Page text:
Aided by his army of social media followers, Trump took up the anti-establishment call started by the Tea Party movement and turned it to his advantage. Politicians such as Ted Cruz and Marco Rubio, who owe their elections to the grassroots activists, are now decried as part of the establishment elite.
Trump has formed his own voting bloc of passionate supporters who zealously defend their champion from any substantive criticism with the same inanities as The Donald himself. When National Review launched their “Against Trump” editorial campaign, the demagogue characteristically responded with a torrent of ad hominem tweets aimed at the twenty-two contributors.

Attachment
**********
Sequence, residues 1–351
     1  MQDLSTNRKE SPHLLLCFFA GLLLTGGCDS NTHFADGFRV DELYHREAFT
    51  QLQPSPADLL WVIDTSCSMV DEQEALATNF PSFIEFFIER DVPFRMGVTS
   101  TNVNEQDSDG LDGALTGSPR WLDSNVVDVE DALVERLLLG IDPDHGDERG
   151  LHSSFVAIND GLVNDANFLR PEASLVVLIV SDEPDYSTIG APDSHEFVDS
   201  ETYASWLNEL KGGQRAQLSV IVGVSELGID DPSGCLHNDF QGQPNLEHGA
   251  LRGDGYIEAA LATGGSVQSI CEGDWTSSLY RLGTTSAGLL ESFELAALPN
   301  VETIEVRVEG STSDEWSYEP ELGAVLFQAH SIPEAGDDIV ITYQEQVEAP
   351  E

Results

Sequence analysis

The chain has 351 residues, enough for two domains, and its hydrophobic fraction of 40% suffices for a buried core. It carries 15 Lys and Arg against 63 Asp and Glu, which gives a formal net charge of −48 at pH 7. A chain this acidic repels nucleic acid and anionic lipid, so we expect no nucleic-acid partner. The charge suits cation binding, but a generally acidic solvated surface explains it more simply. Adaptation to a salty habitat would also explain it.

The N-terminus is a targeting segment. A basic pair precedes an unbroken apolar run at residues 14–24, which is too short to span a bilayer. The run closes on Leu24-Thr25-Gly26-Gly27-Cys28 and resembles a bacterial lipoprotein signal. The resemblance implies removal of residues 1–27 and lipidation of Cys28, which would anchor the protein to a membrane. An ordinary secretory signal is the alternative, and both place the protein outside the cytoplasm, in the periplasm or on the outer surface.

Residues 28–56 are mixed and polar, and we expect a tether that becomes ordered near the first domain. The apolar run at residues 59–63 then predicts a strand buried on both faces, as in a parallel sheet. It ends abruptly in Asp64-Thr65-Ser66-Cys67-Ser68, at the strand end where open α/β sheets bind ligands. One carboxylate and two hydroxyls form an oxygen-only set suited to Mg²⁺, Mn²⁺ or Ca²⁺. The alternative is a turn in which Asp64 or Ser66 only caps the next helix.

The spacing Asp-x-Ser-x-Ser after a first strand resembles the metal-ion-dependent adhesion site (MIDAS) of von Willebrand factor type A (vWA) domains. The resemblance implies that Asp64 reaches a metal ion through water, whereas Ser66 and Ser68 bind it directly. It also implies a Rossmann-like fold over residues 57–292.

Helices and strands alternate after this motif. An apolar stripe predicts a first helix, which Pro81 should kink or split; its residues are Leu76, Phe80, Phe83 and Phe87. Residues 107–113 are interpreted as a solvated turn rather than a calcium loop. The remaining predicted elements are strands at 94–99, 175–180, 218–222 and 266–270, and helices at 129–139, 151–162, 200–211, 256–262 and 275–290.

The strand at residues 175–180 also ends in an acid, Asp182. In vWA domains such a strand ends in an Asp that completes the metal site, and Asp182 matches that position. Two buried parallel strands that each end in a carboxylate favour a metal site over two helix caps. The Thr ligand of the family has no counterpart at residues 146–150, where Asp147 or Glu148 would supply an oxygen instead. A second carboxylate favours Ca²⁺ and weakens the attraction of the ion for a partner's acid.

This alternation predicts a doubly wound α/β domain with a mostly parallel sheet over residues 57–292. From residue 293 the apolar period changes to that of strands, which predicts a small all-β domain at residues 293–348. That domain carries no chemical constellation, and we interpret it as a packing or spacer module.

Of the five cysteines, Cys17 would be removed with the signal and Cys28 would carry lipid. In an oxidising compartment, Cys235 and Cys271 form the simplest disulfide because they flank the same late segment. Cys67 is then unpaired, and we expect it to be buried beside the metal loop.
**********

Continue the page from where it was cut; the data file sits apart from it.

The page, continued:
Unfazed by National Review’s criticism, Trump has continued to stun political commentators as he has effortlessly shrugged off attacks on his platform, past, and character. Part of the reason Trump’s poll numbers have been so steady is his apparent immunity to criticism. Every time an interviewer reveals the reality TV star’s insufficient knowledge of world politics or points to his former political alignments, Trump withdraws to Twitter and attacks his antagonists while his supporters validate him with retweets.
Trump threw such a temper tantrum this past week because of an interview he had with Megyn Kelly, a respected and accomplished political commentator. As a result of the “unfair” treatment by the “lightweight reporter,” Trump asked his Twitter and Instagram followers whether he should go to the next debate.